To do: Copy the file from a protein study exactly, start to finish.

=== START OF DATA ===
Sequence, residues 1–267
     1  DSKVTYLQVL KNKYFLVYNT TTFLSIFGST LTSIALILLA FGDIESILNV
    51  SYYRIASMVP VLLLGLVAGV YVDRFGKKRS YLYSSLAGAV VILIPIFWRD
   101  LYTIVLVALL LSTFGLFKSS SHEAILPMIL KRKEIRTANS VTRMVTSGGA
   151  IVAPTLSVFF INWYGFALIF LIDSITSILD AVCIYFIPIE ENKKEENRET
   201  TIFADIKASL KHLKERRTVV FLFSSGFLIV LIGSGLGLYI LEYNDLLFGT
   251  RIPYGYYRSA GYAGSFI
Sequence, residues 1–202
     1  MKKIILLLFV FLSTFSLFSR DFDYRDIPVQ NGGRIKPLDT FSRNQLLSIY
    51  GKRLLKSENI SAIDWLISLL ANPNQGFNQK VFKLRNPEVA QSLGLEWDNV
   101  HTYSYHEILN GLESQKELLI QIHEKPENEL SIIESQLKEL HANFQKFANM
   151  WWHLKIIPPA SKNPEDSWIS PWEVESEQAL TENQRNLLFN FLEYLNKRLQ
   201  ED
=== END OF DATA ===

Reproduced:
Sequence, residues 1–267
     1  DSKVTYLQVL KNKYFLVYNT TTFLSIFGST LTSIALILLA FGDIESILNV
    51  SYYRIASMVP VLLLGLVAGV YVDRFGKKRS YLYSSLAGAV VILIPIFWRD
   101  LYTIVLVALL LSTFGLFKSS SHEAILPMIL KRKEIRTANS VTRMVTSGGA
   151  IVAPTLSVFF INWYGFALIF LIDSITSILD AVCIYFIPIE ENKKEENRET
   201  TIFADIKASL KHLKERRTVV FLFSSGFLIV LIGSGLGLYI LEYNDLLFGT
   251  RIPYGYYRSA GYAGSFI
Sequence, residues 1–202
     1  MKKIILLLFV FLSTFSLFSR DFDYRDIPVQ NGGRIKPLDT FSRNQLLSIY
    51  GKRLLKSENI SAIDWLISLL ANPNQGFNQK VFKLRNPEVA QSLGLEWDNV
   101  HTYSYHEILN GLESQKELLI QIHEKPENEL SIIESQLKEL HANFQKFANM
   151  WWHLKIIPPA SKNPEDSWIS PWEVESEQAL TENQRNLLFN FLEYLNKRLQ
   201  ED